LETTER: Suzuki spews falsehoods on climate change

I read with interest the article written by David Suzuki in the Dec. 12 edition of The Saanich News. I noted several exaggerations and untruths in what he writes.

The first one is his assertion that Canada ranks amongst the worst polluters of the atmosphere in the world. This is not true. It has been determined by scientists worldwide that Canada’s contribution to greenhouse gas levels is three per cent. The worst polluters are in fact the United States (26 per cent) China (40 per cent), India, Australia and numerous other countries.

If Canada ceased polluting the atmosphere altogether as of today, the net effect of that cessation would not be measurable until fifty years from now. On a world scale, this is almost insignificant.

Secondly, the statement by Mr Suzuki that bringing an oil pipeline on stream would significantly increase pollution is nonsense. Countries buying oil will only use as much as actually required, no more. The notion that Canadian oil would cause an increase in its use, and by inference create increased pollution by whoever should purchase it, is absurd.

Our oil would simply substitute for oil now purchased from other countries in the world; those countries would consequently sell less volume. The laws of supply and demand. World production and consumption of oil products would therefore remain unchanged. The difference is that the wealth generated by the sale of Canadian oil would now shift to benefit Canada.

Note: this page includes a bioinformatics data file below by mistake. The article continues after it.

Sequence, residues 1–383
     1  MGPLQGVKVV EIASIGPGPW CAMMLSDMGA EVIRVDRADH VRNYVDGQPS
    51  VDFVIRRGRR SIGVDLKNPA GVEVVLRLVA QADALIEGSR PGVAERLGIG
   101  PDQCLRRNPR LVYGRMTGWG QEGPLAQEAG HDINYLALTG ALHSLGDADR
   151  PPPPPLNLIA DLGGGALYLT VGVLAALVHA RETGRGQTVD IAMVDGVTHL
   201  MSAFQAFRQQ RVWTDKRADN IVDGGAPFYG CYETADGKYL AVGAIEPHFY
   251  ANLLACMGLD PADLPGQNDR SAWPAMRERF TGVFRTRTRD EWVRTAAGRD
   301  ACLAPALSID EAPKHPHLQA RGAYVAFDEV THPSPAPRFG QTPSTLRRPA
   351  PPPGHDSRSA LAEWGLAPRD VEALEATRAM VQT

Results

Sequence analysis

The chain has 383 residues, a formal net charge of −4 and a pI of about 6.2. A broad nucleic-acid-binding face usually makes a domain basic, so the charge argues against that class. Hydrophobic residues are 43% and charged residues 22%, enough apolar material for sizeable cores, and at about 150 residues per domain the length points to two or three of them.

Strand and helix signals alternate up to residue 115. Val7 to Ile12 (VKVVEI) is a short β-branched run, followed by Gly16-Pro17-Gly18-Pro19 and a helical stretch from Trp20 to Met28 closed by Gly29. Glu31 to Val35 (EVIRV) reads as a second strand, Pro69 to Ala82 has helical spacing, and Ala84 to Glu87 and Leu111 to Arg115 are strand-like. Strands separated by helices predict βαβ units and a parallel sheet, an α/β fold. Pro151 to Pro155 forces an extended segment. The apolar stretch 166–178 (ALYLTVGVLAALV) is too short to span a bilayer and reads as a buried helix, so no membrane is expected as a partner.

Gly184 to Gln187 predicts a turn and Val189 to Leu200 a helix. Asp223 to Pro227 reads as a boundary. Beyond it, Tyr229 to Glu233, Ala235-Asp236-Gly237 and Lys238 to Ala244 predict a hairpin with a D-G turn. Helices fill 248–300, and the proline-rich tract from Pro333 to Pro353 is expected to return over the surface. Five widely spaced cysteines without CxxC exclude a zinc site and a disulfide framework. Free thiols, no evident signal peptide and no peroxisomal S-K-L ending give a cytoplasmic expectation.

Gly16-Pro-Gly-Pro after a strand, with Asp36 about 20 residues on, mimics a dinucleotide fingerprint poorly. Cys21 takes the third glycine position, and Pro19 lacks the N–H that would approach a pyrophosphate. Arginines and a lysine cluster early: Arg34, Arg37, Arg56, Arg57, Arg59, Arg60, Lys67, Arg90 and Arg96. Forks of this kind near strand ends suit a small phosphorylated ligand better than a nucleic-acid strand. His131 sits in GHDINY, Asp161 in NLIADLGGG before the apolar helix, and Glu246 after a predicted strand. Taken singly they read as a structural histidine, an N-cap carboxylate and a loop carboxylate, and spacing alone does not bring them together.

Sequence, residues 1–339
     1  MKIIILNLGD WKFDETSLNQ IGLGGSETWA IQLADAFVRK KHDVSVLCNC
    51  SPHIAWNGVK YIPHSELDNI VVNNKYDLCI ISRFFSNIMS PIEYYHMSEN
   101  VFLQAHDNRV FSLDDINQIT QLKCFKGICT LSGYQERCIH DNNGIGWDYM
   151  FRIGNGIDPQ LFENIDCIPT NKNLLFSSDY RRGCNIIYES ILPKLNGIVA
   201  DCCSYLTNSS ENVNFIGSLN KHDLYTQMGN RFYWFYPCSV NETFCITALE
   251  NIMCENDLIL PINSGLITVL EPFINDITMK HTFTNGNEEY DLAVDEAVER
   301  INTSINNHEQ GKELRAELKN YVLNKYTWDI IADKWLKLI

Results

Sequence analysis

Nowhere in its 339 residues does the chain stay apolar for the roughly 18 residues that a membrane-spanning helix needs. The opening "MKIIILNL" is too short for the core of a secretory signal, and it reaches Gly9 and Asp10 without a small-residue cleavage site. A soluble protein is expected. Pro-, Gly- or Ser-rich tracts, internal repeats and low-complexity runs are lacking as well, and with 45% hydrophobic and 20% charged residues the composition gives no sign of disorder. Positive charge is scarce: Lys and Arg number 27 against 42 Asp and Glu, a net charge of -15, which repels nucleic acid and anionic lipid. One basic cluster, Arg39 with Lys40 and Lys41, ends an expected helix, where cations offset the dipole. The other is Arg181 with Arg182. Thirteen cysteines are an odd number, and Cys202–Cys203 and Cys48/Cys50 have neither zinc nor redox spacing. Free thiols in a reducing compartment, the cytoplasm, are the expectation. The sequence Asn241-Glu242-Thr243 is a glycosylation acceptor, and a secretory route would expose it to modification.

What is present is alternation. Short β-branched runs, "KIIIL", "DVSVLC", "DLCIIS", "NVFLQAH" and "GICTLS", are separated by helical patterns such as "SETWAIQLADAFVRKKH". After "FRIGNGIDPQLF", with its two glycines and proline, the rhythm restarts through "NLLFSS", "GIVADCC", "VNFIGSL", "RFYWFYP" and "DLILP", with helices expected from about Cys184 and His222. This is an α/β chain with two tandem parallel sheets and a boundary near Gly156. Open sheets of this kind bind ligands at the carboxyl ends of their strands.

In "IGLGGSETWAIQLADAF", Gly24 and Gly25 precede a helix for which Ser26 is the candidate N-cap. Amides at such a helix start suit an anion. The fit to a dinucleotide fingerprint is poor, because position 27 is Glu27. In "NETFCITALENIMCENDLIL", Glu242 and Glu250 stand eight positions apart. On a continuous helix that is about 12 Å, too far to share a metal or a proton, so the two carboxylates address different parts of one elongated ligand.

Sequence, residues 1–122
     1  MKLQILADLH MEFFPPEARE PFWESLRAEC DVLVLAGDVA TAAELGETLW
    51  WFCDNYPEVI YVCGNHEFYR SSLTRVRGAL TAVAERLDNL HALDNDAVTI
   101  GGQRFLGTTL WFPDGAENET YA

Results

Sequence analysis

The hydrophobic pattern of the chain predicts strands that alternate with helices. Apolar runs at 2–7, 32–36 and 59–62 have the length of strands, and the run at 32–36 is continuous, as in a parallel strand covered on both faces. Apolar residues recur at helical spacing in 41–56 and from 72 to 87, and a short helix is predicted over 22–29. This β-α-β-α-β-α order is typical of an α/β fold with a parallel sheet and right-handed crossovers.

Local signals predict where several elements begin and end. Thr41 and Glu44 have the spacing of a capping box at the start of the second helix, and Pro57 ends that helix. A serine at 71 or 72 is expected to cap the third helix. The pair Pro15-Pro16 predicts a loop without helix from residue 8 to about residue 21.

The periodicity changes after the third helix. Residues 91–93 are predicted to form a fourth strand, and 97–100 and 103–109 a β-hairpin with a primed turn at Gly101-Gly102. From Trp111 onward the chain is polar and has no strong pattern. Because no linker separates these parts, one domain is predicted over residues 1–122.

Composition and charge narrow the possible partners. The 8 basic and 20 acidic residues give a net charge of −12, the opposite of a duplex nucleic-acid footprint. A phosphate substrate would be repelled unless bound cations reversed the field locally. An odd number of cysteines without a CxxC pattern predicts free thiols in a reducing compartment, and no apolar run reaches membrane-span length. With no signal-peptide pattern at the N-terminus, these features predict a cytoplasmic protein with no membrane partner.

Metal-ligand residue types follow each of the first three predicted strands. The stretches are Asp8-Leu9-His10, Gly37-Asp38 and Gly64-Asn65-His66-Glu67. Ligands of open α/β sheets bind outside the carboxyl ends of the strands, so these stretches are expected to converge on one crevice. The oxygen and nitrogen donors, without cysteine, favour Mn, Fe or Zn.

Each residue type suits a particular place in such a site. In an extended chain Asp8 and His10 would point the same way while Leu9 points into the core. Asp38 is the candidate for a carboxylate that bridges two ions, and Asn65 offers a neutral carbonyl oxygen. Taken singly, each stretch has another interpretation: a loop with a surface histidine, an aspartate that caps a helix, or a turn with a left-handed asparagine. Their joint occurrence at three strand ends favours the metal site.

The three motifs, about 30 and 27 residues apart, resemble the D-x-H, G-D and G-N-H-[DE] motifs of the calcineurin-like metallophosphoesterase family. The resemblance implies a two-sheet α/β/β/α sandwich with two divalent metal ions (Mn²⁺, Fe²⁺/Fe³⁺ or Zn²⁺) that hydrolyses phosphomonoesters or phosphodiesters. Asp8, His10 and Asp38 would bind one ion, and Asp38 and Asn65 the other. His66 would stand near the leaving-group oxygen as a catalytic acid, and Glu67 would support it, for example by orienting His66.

Mr Suzuki makes no reference to the many beneficial products derived from oil. Clothing, appliances, chemicals, industrial and domestic products of all sorts depend on oil and it’s derivatives for their creation. Designing automobiles that use electricity instead of gasoline will also bring with it new and serious problems, including industrial waste and air pollution.

Electricity must be generated and the increased use of it will create increased pollution in areas where it is generated. No mention is made of other factors responsible for changes in our climate. Our sun’s radiated solar output is not constant.

Small variations in radiated solar energy over the centuries have significantly affected life on earth. Climate change is not a 21st century phenomenon – during the Middle Ages, there were periods of major climatic changes occurring on our planet in which human activities played no part. The onset and disappearance of the Ice Age is a demonstrated example of climate change. These changes occurred well before the industrial revolution.

The effects of human activities, as these affect the world’s climate, continues to be studied worldwide. Much additional scientific research needs to be done in order to determine the exact causes and effects of climate change. That increased world population is having an effect on our climate is not being disputed.

Arthur Ooms

Saanich

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